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Sailboat specifications and datasheets

J/70

The J/70 is a 22’8” coastal monohull sailboat designed by Alan Johnstone. She was built by J/Boats (United States) and made of sandwich fiberglass / polyester. The production started in 2012 and has been awarded the title of "European Yacht of the Year - Category : Special Yacht" in 2013.
J/Boats J/70 J/Boats J/70 sailplanJ/Boats J/70 layoutJ/Boats J/70 layoutJ/Boats J/70 layoutJ/Boats J/70 sailingJ/Boats J/70 sailingJ/Boats J/70 sailingJ/Boats J/70 sailingJ/Boats J/70 sailingJ/Boats J/70 accommodations
J/70's   Main Features
Model J/70
Type of hull Monohull
Category One design sailboat
Shipyard
Designer Alan Johnstone
Award 2013 European Yacht of the Year - Category : Special Yacht
Construction Hull and deck:
sandwich fiberglass / polyester
First built hull 2012
Last built hull Still in production
Appendages Keel (lifting) :
Fin with bulb, lifting
Helm 1 tiller
Rudder 1 transom hung rudder
Cockpit Open aft cockpit
Unsinkable No
Trailerable Yes
EC certification C
Standard public price ex. VAT (indicative only) About
33 800
(2017)
J/70's   Main dimensions
Hull length 22’ 8”
Waterline length 20’ 6”
Beam (width) 7’ 5”
Draft 4’ 10”
Draft when appendages up 3’
Mast height from DWL 32’ 10”
Light displacement 1753 lbs
Ballast weight 639 lbs
Ballast type Lead
J/70's   Rig and sails
Upwind sail area 284 sq.ft
Downwind sail area 657 sq.ft
Mainsail area 173 sq.ft
Jib area 111 sq.ft
Asymetric spinnaker area 484 sq.ft
Rigging type Sloop Marconi fractional
Rotating spars No
Mast position Deck stepped mast
Spars Mast and boom in Carbon fiber
Standing rigging 1x19 strand wire continuous
Number of levels of spreaders 1
Spreaders angle Swept-back
IiFore triangle height (from mast foot to fore stay attachment) 26’ 10”
JiFore triangle base (from mast foot to bottom of forestay) 7’ 8”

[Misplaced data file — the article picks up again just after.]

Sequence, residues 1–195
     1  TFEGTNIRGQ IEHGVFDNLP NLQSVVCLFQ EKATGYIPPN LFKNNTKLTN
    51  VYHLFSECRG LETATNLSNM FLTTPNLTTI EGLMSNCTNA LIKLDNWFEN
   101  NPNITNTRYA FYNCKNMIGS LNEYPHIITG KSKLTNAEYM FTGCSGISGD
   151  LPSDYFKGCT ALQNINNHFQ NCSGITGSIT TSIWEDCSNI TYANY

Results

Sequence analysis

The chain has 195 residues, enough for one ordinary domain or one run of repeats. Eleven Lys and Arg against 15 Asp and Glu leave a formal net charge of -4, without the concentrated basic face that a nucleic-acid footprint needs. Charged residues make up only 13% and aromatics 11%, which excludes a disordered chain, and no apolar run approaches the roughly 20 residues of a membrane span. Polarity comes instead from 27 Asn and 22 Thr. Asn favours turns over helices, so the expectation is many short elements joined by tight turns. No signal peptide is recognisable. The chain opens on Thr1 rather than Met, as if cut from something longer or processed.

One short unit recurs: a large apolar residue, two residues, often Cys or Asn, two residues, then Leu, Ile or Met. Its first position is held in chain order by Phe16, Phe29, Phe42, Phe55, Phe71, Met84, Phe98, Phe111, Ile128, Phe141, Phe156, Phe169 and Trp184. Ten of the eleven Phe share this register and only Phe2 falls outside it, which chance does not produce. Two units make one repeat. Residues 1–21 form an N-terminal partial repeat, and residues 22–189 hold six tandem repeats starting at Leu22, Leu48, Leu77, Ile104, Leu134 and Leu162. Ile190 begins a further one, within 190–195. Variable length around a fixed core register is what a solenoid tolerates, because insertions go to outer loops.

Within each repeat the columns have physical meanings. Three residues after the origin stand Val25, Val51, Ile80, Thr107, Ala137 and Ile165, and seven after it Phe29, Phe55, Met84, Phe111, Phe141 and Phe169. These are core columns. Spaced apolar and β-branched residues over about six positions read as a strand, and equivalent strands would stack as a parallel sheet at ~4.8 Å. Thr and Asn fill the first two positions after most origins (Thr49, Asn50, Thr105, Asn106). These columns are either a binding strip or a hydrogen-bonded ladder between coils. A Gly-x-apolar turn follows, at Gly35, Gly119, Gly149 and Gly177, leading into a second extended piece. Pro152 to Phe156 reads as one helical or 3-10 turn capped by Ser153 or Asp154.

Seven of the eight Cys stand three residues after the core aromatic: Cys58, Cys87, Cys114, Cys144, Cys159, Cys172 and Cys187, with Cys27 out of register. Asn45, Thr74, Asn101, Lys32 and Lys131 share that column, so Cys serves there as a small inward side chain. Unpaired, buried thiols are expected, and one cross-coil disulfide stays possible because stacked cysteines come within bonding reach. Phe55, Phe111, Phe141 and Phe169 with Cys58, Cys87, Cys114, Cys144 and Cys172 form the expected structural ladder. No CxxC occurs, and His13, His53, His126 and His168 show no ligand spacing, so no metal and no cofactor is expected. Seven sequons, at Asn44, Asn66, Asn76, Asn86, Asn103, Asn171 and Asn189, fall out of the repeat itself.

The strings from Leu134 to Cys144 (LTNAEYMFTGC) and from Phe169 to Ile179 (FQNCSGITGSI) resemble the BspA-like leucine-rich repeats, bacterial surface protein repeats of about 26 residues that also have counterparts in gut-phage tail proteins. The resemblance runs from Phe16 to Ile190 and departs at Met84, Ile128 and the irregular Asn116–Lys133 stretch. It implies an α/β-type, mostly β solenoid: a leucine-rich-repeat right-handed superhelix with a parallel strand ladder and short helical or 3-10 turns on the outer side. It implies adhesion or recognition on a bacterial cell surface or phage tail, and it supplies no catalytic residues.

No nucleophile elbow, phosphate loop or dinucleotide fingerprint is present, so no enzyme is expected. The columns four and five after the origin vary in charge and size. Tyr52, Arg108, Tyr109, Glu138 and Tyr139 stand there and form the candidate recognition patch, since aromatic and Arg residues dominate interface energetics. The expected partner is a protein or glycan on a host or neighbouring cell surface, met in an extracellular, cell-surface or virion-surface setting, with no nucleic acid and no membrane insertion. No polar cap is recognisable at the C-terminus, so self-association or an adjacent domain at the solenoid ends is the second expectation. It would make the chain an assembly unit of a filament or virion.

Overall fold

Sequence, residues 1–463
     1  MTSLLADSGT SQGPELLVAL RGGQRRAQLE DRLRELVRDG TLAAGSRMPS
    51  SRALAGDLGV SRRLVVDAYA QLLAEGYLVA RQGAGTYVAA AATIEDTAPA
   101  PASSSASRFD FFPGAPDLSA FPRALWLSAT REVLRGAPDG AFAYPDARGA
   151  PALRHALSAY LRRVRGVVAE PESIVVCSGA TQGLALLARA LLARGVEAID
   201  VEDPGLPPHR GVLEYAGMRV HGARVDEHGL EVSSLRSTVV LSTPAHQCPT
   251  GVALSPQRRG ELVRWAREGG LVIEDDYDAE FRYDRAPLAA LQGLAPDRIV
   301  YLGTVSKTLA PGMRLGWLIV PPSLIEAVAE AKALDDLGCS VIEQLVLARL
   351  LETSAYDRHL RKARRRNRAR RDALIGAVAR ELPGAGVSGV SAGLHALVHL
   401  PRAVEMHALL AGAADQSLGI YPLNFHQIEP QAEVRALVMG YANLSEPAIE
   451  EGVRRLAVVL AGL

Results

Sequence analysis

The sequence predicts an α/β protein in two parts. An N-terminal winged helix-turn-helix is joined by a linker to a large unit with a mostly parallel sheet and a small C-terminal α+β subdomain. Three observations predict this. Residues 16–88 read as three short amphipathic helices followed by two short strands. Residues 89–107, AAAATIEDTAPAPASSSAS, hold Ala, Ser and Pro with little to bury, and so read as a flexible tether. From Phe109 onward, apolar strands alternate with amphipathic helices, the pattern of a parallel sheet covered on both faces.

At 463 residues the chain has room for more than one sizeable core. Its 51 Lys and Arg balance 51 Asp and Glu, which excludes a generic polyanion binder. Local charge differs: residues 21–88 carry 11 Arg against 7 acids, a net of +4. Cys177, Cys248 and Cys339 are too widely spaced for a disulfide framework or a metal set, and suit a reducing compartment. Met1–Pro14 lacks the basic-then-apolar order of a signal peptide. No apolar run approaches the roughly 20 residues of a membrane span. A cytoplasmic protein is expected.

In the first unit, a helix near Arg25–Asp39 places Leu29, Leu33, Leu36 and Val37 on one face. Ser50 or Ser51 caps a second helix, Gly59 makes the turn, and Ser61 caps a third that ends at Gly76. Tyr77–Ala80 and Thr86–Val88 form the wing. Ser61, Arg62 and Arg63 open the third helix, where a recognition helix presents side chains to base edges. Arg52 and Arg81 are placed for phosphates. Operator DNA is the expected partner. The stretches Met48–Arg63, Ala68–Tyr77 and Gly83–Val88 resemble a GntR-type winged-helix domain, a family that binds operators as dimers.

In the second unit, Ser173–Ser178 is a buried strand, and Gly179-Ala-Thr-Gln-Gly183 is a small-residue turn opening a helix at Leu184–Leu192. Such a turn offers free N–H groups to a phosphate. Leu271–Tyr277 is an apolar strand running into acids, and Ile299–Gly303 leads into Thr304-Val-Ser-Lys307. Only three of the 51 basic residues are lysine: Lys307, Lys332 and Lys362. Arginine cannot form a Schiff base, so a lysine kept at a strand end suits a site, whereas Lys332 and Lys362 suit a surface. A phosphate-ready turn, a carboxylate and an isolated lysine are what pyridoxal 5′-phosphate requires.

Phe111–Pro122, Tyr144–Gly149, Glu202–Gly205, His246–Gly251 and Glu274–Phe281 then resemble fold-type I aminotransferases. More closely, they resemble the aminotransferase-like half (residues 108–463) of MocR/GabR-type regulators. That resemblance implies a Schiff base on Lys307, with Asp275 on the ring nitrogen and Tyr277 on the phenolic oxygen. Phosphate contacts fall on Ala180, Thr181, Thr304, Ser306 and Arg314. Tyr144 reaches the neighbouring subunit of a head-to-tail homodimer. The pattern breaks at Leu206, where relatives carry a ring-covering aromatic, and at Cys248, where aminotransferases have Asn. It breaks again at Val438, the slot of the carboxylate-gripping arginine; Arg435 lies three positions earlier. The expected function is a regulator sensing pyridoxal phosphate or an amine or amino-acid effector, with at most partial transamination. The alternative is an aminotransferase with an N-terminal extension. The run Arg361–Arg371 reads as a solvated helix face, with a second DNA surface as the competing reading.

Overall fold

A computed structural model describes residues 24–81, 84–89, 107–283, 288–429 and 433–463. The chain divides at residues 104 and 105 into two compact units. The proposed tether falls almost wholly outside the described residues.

PiMainsail hoist measurement (from tack to head) 26’ 1”
EiMainsail foot measurement (from tack to clew) 9’ 5”
J/70's   Performances
Upwind sail area to displacementiThe ratio sail area to displacement is obtained by dividing the sail area by the boat's displaced volume to the power two-thirds.
The ratio sail area to displacement can be used to compare the relative sail plan of different sailboats no matter what their size. Upwind : under 18 the ratio indicates a cruise oriented sailboat with limited performances especially in light wind, while over 23 it indicates a fast sailboat.
30.74
Downwind sail area to displacementiThe ratio sail area to displacement is obtained by dividing the sail area by the boat's displaced volume to the power two-thirds.
The ratio sail area to displacement can be used to compare the relative sail plan of different sailboats no matter what their size. Upwind : under 18 the ratio indicates a cruise oriented sailboat with limited performances especially in light wind, while over 23 it indicates a fast sailboat.
71.16
Displacement-Length ratio (DLR)iThe Displacement Length ratio is a figure that points out the boat's weight compared to its waterline length. DLR is obtained by dividing the boat's displacement in tons by the cube of one one-hundredth of the waterline length (in feet).
The DLR can be used to compare the relative mass of different sailboats no matter what their length: a DLR less than 180 is indicative of a really light sailboat (race boat made for planning), while a DLR greater than 300 is indicative of a heavy cruising sailboat.
93
Ballast ratioiThe Ballast ratio is an indicator of the stability; it is obtained by dividing the boat's displacement by the weight of the ballast. Since the stability depends also of the hull shape and the position of the center of gravity, only boats with similar ballast arrangements and hull shape should be considered.
Higher the ballast ratio is, greater is the stability.
36 %
Hull speediAs a ship moves in the water, it creates standing waves that oppose its movement. This effect increases dramatically the resistance when the boat reaches a speed-length ratio (speed-length ratio is the ratio between the speed in knots and the square root of the waterline length in feet) of about 1.2 (corresponding to a Froude Number of 0.35) . This very sharp rise in resistance, between speed-length ratio of 1.2 to 1.5, is insurmountable for heavy sailboats and so becomes an apparent barrier. This leads to the concept of "hull speed".
The hull speed is obtained by multiplying the square root of the waterline length (in feet) by 1.34.
6.06 knots
J/70's   Auxiliary engine
Engine(s) 1
Engine type Outboard engine
Engine (min/max) 3 HP / 4 HP
Fuel type Gas
J/70's   Accommodation
Berth(s) 2

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